Libro de la Caza del Principe Don Juan Manuel

Libro de la Caza del Principe Don Juan Manuel

Libro de la Caza del Principe Don Juan Manuel

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  2. Facsimile Editions (1)
Description
Libro de la Caza del Principe Don Juan Manuel

The Hunting Book of Prince Don Juan Manuel is considered the first work in Castilian on falconry, standing out for its great literary beauty and its cultured, entertaining language including personal anecdotes. Aside from technical information, it also contains a geographical description of the best places to practice falconry in the various bishoprics of the Kingdom of Castile. It was originally written between 1325 and 1326 by the Infante Don Juan Manuel (1282–1348). The codex at hand was designed by Angel Roncero and inspired inter alia by the artistry of the Book of Hours of Mary of Burgundy. It is adorned by over 200 miniatures, including 14 full-page miniatures as well as numerous decorative borders, marginalia, and bas-de-page miniatures. This edition is a modern masterpiece that was created by sampling some of the finest Gothic and Renaissance book art.

Libro de la Caza del Principe Don Juan Manuel

Don Juan Manuel (1282–1348) was one of the most sophisticated and accomplished writers of the 14th century as well as being a member of the uppermost crust of Spanish society: the son of Manuel of Castile (1234–83) and Beatrice of Savoy (1250–1292), he was also the nephew of King Alfonso X of Castile “the Wise” (1221–84). Thanks to the extensive library possessed by his royal uncle, Don Juan Manuel enjoyed a superb education during his upbringing. One of his works is the Libro de la Caza or Hunting Book, written between 1325 and 1326 and loosely modelled on the now-lost Libro del cazar by King Alfonso X himself as well as the De arte venandi cum avibus, which was written by Holy Roman Emperor Frederick II (1194–1250). Although no complete manuscripts of the work have survived, this modern interpretation of it presents the surviving, sometimes fragmentary text in the full splendor of late Gothic and Renaissance art.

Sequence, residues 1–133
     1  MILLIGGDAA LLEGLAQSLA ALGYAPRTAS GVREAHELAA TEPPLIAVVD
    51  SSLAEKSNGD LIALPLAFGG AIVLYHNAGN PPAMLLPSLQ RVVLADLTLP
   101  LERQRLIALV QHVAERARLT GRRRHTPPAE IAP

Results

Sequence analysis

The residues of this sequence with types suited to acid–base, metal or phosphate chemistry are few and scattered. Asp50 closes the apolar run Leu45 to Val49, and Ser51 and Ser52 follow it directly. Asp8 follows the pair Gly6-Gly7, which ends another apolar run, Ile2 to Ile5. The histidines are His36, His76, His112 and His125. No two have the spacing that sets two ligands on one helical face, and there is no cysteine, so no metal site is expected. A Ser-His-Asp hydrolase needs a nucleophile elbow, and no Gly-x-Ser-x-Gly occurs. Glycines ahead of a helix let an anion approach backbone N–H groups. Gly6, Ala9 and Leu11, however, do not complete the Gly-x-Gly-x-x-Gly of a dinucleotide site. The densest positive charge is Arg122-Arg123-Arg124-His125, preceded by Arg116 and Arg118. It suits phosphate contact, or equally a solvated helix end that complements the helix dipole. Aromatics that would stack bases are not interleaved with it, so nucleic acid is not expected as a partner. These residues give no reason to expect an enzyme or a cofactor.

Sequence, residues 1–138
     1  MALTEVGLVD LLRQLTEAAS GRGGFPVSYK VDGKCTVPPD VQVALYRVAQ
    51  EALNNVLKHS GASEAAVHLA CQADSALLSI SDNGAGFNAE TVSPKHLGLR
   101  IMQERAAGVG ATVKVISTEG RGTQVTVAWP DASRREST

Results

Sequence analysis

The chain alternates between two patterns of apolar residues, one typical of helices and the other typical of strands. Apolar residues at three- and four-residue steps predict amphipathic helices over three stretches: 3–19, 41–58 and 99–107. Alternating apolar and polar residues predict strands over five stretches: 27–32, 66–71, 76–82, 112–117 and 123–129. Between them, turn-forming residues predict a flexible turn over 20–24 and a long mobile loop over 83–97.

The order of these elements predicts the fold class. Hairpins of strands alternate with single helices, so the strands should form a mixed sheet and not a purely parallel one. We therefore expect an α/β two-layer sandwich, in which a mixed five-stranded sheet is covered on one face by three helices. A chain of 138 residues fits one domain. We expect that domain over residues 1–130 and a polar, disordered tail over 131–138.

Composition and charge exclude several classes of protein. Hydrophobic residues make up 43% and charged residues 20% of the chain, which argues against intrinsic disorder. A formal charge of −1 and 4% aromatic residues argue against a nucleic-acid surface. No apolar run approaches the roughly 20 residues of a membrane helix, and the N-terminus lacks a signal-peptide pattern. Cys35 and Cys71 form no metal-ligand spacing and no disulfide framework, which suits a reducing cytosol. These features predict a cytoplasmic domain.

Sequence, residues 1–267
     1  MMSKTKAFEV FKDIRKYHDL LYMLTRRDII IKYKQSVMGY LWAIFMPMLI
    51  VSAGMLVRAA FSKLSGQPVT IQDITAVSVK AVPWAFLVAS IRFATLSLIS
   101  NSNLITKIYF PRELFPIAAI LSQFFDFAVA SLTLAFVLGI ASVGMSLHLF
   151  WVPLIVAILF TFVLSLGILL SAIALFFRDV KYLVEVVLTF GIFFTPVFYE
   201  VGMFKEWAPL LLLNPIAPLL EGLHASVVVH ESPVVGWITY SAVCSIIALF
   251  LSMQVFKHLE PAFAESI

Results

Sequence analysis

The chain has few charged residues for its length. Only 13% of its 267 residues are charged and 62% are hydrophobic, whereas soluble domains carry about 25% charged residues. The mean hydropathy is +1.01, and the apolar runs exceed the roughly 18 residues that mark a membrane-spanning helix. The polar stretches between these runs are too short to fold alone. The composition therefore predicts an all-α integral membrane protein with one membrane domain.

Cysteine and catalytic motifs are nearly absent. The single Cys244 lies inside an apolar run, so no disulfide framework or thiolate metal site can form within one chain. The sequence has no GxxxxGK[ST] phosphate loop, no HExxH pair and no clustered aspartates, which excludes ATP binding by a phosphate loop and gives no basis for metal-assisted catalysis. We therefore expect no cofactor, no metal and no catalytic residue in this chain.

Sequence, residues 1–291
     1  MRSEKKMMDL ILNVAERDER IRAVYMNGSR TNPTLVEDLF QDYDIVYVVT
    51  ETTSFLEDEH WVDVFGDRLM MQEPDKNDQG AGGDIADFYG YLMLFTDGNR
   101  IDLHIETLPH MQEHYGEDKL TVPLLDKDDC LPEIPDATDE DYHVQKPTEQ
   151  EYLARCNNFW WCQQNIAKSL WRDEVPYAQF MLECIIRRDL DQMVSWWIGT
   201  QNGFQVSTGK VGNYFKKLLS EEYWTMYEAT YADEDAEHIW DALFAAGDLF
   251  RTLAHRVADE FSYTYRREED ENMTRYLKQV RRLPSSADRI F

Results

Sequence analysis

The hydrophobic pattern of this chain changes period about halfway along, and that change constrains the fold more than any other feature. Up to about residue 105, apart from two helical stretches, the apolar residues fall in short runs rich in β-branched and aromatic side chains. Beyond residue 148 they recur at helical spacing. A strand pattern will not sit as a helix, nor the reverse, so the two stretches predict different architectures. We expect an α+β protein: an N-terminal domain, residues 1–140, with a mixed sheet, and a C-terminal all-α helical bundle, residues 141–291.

A Modern Medieval Hunting Book

The work was rediscovered in the 19th century and was first mentioned by Gutiérrez de la Vega in the second volume of his work on hunting books in 1877. The artist Angel Roncero has sampled miniatures and marginal figures from other hunting books including De arte venandi cum avibus but modelled the overall design of the work on the magnificent Book of Hours of Mary of Burgundy. Thus, this modern printed book has the appearance of a fine late Gothic manuscript with some imagery from the Renaissance and features over 200 miniatures, including 14 full-page miniatures as well as numerous decorative borders, marginalia, and bas-de-page miniatures.

Facsimile Editions

#1 Libro de la Caza del Principe Don Juan Manuel

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